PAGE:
# What is Gauge theory: Definition and 93 Discussions

In physics, a gauge theory is a type of field theory in which the Lagrangian does not change (is invariant) under local transformations from certain Lie groups.
The term gauge refers to any specific mathematical formalism to regulate redundant degrees of freedom in the Lagrangian. The transformations between possible gauges, called gauge transformations, form a Lie group—referred to as the symmetry group or the gauge group of the theory. Associated with any Lie group is the Lie algebra of group generators. For each group generator there necessarily arises a corresponding field (usually a vector field) called the gauge field. Gauge fields are included in the Lagrangian to ensure its invariance under the local group transformations (called gauge invariance). When such a theory is quantized, the quanta of the gauge fields are called gauge bosons. If the symmetry group is non-commutative, then the gauge theory is referred to as non-abelian gauge theory, the usual example being the Yang–Mills theory.
Many powerful theories in physics are described by Lagrangians that are invariant under some symmetry transformation groups. When they are invariant under a transformation identically performed at every point in the spacetime in which the physical processes occur, they are said to have a global symmetry. Local symmetry, the cornerstone of gauge theories, is a stronger constraint. In fact, a global symmetry is just a local symmetry whose group's parameters are fixed in spacetime (the same way a constant value can be understood as a function of a certain parameter, the output of which is always the same).
Gauge theories are important as the successful field theories explaining the dynamics of elementary particles. Quantum electrodynamics is an abelian gauge theory with the symmetry group U(1) and has one gauge field, the electromagnetic four-potential, with the photon being the gauge boson. The Standard Model is a non-abelian gauge theory with the symmetry group U(1) × SU(2) × SU(3) and has a total of twelve gauge bosons: the photon, three weak bosons and eight gluons.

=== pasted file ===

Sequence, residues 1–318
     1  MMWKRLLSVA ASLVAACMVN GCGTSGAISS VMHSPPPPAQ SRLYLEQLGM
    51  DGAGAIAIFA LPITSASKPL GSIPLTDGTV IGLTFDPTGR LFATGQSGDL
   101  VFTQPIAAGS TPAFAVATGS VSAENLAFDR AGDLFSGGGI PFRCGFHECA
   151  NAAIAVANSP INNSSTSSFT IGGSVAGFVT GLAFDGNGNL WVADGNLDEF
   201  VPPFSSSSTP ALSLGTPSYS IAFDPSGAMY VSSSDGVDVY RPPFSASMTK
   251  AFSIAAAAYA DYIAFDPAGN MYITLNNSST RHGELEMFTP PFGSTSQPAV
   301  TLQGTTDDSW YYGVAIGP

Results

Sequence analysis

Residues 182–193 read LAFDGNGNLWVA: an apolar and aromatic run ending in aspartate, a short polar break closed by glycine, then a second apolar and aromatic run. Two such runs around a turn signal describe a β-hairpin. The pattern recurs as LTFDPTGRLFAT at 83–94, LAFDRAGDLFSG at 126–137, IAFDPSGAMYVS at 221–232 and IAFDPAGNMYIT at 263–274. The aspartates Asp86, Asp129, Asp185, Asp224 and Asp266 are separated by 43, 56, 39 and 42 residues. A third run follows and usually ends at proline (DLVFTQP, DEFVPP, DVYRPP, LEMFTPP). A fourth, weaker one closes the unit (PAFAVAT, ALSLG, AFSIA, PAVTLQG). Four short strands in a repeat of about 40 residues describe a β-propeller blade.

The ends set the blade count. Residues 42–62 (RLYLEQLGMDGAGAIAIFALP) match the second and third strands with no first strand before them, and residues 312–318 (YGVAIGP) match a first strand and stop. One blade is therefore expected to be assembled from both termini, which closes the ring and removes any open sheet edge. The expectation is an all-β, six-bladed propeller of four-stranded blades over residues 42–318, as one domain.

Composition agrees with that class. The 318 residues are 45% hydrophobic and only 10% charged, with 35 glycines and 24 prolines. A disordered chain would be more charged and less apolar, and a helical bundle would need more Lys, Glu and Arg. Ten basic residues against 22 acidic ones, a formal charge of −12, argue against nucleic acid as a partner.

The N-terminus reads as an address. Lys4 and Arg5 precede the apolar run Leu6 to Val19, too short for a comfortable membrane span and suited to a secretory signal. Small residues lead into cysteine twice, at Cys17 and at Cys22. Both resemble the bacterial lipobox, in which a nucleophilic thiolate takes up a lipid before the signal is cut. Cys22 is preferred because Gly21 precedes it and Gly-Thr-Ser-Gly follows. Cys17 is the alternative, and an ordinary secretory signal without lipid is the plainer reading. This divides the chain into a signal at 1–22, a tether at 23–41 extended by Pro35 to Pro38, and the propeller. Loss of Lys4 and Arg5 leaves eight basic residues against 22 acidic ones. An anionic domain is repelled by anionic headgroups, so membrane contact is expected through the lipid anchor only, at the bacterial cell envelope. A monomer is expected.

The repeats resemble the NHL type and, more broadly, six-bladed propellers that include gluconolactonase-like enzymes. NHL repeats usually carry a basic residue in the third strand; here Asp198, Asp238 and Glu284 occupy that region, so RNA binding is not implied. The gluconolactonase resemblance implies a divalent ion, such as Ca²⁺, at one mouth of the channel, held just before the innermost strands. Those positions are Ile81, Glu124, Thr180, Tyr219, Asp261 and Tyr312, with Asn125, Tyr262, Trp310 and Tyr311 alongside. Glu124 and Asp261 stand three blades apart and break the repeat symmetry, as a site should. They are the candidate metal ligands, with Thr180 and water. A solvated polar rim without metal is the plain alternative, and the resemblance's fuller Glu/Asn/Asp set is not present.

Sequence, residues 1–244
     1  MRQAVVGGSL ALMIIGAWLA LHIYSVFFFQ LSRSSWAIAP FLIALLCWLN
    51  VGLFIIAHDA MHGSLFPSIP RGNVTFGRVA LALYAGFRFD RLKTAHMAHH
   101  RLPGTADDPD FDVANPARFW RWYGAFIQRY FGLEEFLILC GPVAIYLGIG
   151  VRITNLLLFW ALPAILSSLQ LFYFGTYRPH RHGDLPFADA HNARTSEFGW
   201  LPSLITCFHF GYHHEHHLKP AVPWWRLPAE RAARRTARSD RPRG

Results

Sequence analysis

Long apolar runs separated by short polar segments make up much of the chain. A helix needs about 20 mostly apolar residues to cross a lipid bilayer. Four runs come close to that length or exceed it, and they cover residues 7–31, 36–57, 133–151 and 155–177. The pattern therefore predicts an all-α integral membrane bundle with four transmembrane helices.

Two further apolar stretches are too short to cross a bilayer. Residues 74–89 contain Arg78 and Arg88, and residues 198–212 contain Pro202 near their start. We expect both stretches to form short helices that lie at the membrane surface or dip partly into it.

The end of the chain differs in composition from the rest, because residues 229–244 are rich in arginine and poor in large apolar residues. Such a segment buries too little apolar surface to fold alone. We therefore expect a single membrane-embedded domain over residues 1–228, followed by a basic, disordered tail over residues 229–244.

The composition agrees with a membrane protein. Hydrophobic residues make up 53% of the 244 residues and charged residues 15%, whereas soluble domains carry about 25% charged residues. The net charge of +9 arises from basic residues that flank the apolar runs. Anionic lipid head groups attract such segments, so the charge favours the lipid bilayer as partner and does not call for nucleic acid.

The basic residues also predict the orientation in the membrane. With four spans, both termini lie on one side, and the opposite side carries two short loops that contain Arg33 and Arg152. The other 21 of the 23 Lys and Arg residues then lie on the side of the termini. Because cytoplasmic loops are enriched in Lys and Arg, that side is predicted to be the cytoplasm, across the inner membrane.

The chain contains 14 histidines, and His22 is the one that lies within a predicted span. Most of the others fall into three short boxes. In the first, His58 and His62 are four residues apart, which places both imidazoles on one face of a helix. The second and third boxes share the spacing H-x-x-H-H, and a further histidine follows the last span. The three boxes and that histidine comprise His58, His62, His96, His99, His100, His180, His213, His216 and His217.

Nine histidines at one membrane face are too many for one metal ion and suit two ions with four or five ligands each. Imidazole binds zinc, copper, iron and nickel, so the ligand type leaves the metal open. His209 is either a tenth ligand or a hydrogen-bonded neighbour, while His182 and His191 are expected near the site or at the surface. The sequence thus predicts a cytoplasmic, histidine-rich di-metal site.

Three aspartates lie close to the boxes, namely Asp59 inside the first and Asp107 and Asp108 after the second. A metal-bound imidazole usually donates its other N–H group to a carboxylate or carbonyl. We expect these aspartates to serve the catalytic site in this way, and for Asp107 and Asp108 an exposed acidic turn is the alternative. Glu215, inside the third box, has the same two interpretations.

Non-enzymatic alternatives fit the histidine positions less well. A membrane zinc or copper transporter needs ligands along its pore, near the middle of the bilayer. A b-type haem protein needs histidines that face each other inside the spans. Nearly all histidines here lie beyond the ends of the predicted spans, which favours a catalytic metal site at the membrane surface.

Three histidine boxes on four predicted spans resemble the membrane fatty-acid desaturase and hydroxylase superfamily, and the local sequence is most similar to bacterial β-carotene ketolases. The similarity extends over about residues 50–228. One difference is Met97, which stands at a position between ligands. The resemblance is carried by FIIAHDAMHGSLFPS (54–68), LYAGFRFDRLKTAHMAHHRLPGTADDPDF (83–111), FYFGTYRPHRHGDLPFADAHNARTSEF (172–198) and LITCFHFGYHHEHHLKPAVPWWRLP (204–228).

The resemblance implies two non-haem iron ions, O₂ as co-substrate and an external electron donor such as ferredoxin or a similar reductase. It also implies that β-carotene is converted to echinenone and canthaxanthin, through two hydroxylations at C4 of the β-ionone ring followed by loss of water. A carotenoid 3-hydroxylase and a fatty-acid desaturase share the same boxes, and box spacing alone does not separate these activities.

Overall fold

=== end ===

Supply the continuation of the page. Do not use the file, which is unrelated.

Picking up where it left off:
Gauge theories are also important in explaining gravitation in the theory of general relativity. Its case is somewhat unusual in that the gauge field is a tensor, the Lanczos tensor. Theories of quantum gravity, beginning with gauge gravitation theory, also postulate the existence of a gauge boson known as the graviton. Gauge symmetries can be viewed as analogues of the principle of general covariance of general relativity in which the coordinate system can be chosen freely under arbitrary diffeomorphisms of spacetime. Both gauge invariance and diffeomorphism invariance reflect a redundancy in the description of the system. An alternative theory of gravitation, gauge theory gravity, replaces the principle of general covariance with a true gauge principle with new gauge fields.
Historically, these ideas were first stated in the context of classical electromagnetism and later in general relativity. However, the modern importance of gauge symmetries appeared first in the relativistic quantum mechanics of electrons – quantum electrodynamics, elaborated on below. Today, gauge theories are useful in condensed matter, nuclear and high energy physics among other subfields.

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1. ### A Problem evaluating an anticommutator in supersymmetric quantum mechanics

I am trying to reproduce the results of a certain paper here. In particular, I'm trying to verify their eqn 5.31. The setup is N = 4 gauge quantum mechanics, obtained by the dimensional reduction of N = 1 gauge theory in 4 dimensions. ##\sigma^i## denotes the ith pauli matrix. ##\lambda_{A...
2. ### A What exactly does 'Locality' in Gauge Theory mean?